‘Audrey Hepburn makes me smile. She makes me wish I was alive in the day when being fabulous was fabulous; not ‘trying too hard’ or ‘over the top’. I live in New York, the place that Audrey, in Tiffany’s, made look like a safe haven from normal or average; a refuge for people who wanted to stay young, savvy and beautiful forever. I think that idea remains here in people’s minds, but not so much with how they dress – are they too hip to care? Audrey, you could say, was a hipster of the times in Tiffany’s, wrapped up perfectly in her safety bubble of ‘scene’ and ‘cool’. When I go hear the New York Phil I get blue seeing people, who have the perfect opportunity to look fabulous, opt for jeans instead. Have they no desire to decorate themselves? I do – any chance to tap into my inner fabulous is a little gift, I say.’
Sean Hepburn Ferrer
Hepburn’s son and chairman of the Audrey Hepburn Children’s Fund
‘People ask how I remember her best, and all I can say is, as my mother. We didn’t have DVDs when I was little, so it was only later that I began to watch her films and realise she had left an indelible imprint on society. She made a lot of unforgettable gems, which touched many people. My favourite is probably Funny Face. Having wanted to be a dancer in her youth, and missing out because of the war – she was also too tall to be a ballerina – it means a lot to watch her get to dance with Fred Astaire. Other films remind us she was more than a ‘cute face’, but also a serious actress. On a personal note, her last role as an angel in Always by Steven Spielberg is very special too. I miss her a lot, but I’ll walk into a hotel room in Japan, and she’ll be on the screen. That makes it easier.
‘Although her humanitarian work wasn’t the centrepiece of her career, it was a very important part. She spent her last five years working with children for UNICEF. It let people see that the twig they had fallen in love with 40 years earlier had grown into this beautiful, strong oak tree. The Audrey Hepburn Children’s Fund carries on in her footsteps with children’s charity projects. Of all the work she did, her humanitarian work makes me most proud.’
For more details, visit www.audreyhepburn.com
Executive Director of UNICEF
‘Audrey Hepburn worked tirelessly to improve the lives of girls and boys around the world. As a young girl, Hepburn herself received food and medical relief from UNICEF following WWII. Later, as a UNICEF Goodwill Ambassador, Hepburn travelled the world, touching the lives of millions of children through her work. In her own words, she said: “I speak for those children who cannot speak for themselves, children who have absolutely nothing but their courage and their smiles, their wits and their dreams”.’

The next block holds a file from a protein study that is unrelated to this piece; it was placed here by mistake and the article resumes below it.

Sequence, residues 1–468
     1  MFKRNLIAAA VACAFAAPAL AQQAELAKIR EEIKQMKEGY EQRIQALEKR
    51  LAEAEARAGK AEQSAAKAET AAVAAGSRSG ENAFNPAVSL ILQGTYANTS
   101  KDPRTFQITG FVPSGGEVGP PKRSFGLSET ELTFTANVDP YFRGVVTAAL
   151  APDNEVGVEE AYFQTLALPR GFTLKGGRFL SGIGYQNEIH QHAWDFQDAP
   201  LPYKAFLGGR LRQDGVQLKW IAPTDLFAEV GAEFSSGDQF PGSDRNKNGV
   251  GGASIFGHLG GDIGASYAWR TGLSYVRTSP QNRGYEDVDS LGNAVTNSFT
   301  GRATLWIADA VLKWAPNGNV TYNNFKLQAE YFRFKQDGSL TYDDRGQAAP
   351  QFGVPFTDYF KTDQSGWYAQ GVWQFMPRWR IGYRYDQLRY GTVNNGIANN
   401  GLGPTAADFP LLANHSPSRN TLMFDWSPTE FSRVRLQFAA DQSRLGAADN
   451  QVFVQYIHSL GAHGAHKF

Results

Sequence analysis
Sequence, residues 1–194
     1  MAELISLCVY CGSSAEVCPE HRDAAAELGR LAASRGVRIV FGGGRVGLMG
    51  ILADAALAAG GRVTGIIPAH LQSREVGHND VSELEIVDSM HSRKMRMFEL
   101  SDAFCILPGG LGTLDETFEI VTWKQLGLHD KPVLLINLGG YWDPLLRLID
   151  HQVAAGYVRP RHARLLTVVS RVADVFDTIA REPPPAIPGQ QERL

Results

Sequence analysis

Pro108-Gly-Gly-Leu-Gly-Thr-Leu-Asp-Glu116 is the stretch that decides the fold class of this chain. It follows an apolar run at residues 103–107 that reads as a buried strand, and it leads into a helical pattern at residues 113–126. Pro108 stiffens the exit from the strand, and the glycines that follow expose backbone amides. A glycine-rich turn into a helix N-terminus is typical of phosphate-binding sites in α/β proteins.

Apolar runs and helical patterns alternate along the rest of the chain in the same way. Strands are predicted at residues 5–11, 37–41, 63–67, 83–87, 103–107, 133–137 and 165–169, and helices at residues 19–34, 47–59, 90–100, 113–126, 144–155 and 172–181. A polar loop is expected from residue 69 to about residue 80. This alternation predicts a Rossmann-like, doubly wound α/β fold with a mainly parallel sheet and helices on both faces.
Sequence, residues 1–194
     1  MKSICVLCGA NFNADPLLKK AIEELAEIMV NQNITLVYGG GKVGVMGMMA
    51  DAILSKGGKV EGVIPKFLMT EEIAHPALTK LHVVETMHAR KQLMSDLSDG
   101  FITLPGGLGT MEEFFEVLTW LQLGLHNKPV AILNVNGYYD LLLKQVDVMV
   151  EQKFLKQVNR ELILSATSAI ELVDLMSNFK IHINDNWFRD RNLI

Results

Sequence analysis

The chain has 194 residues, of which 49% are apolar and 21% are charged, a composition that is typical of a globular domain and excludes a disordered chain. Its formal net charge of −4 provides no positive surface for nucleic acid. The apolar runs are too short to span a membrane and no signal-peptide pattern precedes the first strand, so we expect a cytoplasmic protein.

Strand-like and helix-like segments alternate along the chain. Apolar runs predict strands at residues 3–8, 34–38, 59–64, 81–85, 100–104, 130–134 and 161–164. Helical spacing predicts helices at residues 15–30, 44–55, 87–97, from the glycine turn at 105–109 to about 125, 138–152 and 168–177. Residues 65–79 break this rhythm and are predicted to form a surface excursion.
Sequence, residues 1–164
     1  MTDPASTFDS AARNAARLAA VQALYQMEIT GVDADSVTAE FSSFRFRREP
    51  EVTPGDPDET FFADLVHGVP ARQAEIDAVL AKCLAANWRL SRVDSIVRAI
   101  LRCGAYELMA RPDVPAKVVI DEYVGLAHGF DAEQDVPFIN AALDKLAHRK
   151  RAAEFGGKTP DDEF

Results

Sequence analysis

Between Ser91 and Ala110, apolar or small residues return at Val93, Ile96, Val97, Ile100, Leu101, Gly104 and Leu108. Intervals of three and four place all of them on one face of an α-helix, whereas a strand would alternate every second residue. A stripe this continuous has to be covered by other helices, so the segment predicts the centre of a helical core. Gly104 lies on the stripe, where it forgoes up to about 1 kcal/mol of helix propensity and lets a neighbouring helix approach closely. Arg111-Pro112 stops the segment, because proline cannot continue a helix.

The Audrey Hepburn season runs Thu 12 Feb-Sun 22 Feb, showing My Fair Lady, Breakfast at Tiffany’s, Charade, The Children’s Hour, Funny Face, Robin and Marian, Sabrina, The Unforgiven and My Fair Lady.
2 April 2009
Milo Cordell and Robbie Furze have come a long way since their days of running club nights in a disused horse hospital in Islington. ‘We were both really into industrial noise,’ says Cordell. ‘Just noise. Like kkkssshhh. Kkkrrr. Distorted noise. For hours,’ he laughs. ‘We’d get all these freaks coming in, like something out The Matrix with long leather coats. Everyone just stood about rocking and drinking cider.’
The friends went their separate ways – Cordell set up indie label Merok, introducing the world to the glassy, dirty disco, electro pop-noise of Crystal Castles, Telepathe and Metronomy – while Furze toured with his hardcore metal band, Panic DHH. And now they’re back with a love song.
‘Back then we were into making the most confrontational noise possible,’ explains Cordell. ‘Now essentially all our songs are love songs. We like to celebrate everything. Even love lost. We write about feelings – even the bad ones. Whether we’re happy, or we miss them, or we fucking hate them, we’re trying to cover all angles.’
‘Velvet’, their first single on 4AD (not Merok; partly because Cordell didn’t want his band to be seen as a ‘vanity project’), is a moody, deadpan slice of epic pop, with scuzzy guitars building a wall of noise over dark electronic beats, a bit like a shoegazy, spacey mix of Depeche Mode and MBV. Like last year’s debut, ‘Too Young To Love’, a dreamy, droney digital haze, they give a promising taste of what’s to come from their album, planned for September.
King Tut’s, Glasgow, Thu 16 Apr
Read the article here at The List.
More complex, euphoric and chaotic than ever, Dan Deacon’s follow-up to Spiderman of the Rings is his showpony. From the home of weirdo electro-noise, Baltimore, the oversized specs wearer is worshipped like a demi-god at live performances where he plays in the crowd, whipping fans into a dribbling, swaying mash. In Bromst he’s let his technical geekery off the leash to run around, layering crisp glockenspiels over Pinky and Perky vocoder samples, frenzied xylophones and dirty big, bleepy beats, like Battles in a sound-off with Animal Collective.
Demented and endlessly inventive, it’s a fantastic sugar rush of man meets machine. All hail the nutjob.
Click here for the review in The List.